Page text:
That George Floyd moment, where a white police officer will kneel on a man and lynch the literal life out of his body, knowing he is being filmed, and does not worry that he will pay a single consequence — society creates that moment. That’s not about Derek Chauvin. That is about him understanding he exists in a society where he can do that in front of witnesses and nothing will be done.

This idea of progress allows us to look at this moment and say, “but we’ve come so far.”

The typical Black household has one-tenth of the wealth a typical white household. Poor white people have more wealth than middle-class Black people. White people with less than a high school degree have more wealth than Black people who graduated from college. Black people who are married have less wealth than white single mothers.

Black people are told that if we just got ourselves together — boot-strapped ourselves up — we would have the same thing as everyone else. This has been disproven by data and facts. Nothing can replace 350 years of extraction.

On Hope

I don’t find hope. I believe in it for other people … but it is not what motivates me. Because, frankly, I don’t think we are going to fix it. Everything we see in our society — all of this inequality, all of this suffering — it is not natural. We chose it. We built it. If you know it was all constructed, then you know it can be deconstructed. But all the power of our society went into constructing it. Now when it comes time to fix it, we want to do almost nothing. Power is not lined up to fix it. We don’t want to put any resources, really, into fixing it. I don’t know that we ever will.

Some people have hope [because] our country’s demographics are changing. Inevitably, we will have to [change]. No, we won’t. How many majority Black and brown cities exist now?

We see the model. One major political party is saying, “if democracy is multiracial, we actually don’t believe in democracy.”

Honestly, I only have hope about things I can control. I don’t have hope about anything outside of myself because I don’t think we will ever do right. I feel like when people ask you for hope, they just want to be let off.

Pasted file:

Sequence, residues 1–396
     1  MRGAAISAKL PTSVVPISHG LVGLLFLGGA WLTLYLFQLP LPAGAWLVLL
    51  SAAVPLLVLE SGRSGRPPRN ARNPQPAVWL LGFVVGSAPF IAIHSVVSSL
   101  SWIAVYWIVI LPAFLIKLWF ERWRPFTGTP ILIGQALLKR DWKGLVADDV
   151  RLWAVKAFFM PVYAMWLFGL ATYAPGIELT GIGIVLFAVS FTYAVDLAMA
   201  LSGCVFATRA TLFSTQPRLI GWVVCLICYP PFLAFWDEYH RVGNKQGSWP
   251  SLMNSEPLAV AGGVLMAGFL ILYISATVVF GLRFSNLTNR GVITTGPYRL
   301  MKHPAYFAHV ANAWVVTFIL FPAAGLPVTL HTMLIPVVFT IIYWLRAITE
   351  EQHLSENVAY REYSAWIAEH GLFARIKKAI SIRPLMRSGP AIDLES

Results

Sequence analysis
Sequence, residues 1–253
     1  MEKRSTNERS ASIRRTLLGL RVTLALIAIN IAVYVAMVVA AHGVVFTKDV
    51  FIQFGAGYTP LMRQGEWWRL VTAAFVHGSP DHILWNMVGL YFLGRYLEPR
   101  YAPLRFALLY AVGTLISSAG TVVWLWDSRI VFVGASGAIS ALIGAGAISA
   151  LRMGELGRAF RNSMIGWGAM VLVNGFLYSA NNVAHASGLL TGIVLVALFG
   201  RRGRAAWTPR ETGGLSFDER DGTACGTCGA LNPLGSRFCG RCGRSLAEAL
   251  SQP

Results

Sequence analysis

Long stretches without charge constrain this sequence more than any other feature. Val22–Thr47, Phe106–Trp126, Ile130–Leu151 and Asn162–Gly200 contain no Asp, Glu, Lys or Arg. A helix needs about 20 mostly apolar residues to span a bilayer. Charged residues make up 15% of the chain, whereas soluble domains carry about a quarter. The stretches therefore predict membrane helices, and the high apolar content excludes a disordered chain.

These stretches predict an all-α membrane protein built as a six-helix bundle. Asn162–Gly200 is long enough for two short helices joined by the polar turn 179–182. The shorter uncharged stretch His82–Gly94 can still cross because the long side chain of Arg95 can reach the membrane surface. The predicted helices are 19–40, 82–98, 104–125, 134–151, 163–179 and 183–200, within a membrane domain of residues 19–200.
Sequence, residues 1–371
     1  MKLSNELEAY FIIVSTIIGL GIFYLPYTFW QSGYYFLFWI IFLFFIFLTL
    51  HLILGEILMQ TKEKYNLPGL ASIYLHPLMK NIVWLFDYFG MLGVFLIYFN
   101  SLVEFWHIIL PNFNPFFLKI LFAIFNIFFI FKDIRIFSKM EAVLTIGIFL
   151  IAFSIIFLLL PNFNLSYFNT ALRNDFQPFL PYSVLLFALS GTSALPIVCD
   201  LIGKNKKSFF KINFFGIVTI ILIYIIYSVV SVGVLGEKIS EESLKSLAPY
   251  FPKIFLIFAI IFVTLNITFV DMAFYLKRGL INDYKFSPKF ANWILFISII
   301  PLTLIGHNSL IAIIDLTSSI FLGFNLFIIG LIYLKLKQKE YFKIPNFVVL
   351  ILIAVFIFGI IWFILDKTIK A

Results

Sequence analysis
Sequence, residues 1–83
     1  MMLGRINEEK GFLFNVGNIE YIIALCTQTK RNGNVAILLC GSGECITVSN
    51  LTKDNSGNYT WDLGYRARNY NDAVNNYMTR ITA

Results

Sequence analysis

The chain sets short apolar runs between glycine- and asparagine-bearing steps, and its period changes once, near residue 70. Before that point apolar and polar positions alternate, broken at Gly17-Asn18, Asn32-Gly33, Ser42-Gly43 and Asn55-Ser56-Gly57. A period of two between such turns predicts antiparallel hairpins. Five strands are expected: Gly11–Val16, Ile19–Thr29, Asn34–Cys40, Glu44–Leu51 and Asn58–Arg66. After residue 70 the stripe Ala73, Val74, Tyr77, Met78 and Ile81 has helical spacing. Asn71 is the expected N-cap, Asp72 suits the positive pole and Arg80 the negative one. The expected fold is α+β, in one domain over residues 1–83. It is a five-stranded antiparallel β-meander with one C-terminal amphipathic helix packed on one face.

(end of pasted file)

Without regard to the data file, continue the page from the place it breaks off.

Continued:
I am not saying the question is not sincere. What they are saying is, “you’re talking about all these terrible things. We’ve done so many terrible things, and there are so many terrible things in our society. But they are going to get better, right?”

Nicole Hannah-Jones portrait after winning MacArthur grant (Photo credit:James Estrin/The New York Times)
[You want to] leave [this lecture] with a kind of optimism about it. And what I’m saying is, it’s not working. I don’t want us to feel okay. I want you to leave with a pit in your stomach, that we could have a better society than we have.

And I want to be clear, this is not the story of Black people. This is the story of America. Black people may suffer the worst, but we all are suffering. We are an exceptional nation in ways we should not be proud of.

We are the most carceral nation of people in the world, but the majority of people in prison are not Black. We have the highest rates of child poverty in the developed world, in the richest nation. Most of those children are not Black. There are millions of white Americans who cannot go to the doctor when they are sick because we are the only western industrialized country where your health care is determined by whether you have a job that wants to offer it to you or not. Life expectancy — white Americans live longer than Black people, but live shorter lives than white people in other countries.

We are all suffering by our inability to get over our original sin, and we are content with that suffering as long as we think there are people at the bottom who have it worse than us.

I don’t have hope that we will do the right thing, because every cross-racial, cross-class movement that is attempted in this country has been destroyed when white people ultimately choose their race over any other form of solidarity. I have never seen that practice broken for longer than an instant.

Nikole Hannah-Jones received a standing ovation at the end of her conversation


1619 Reading Guide

The concept of ‘super predators’

Kim Taylor-Thompson, law professor at New York University: “The super predator language began a process of allowing us to suspend our feelings of empathy towards young people of color.”

John J. DiIulio Jr. coined the term for a November 1995 cover story in The Weekly Standard, then a new magazine of conservative political opinion, titled “The Coming of the Super-Predators.” A young professor at Princeton University, DiIulio was extrapolating from a study of Philadelphia boys that calculated that 6 percent of them accounted for more than half the serious crimes committed by the whole cohort. He blamed these chronic offenders on “moral poverty … the poverty of being without loving, capable, responsible adults who teach you right from wrong.”

It became a centerpiece in media stories and political discussions. In 2001, DiIulio admitted his theory had been mistaken, saying ”I’m sorry for any unintended consequences.”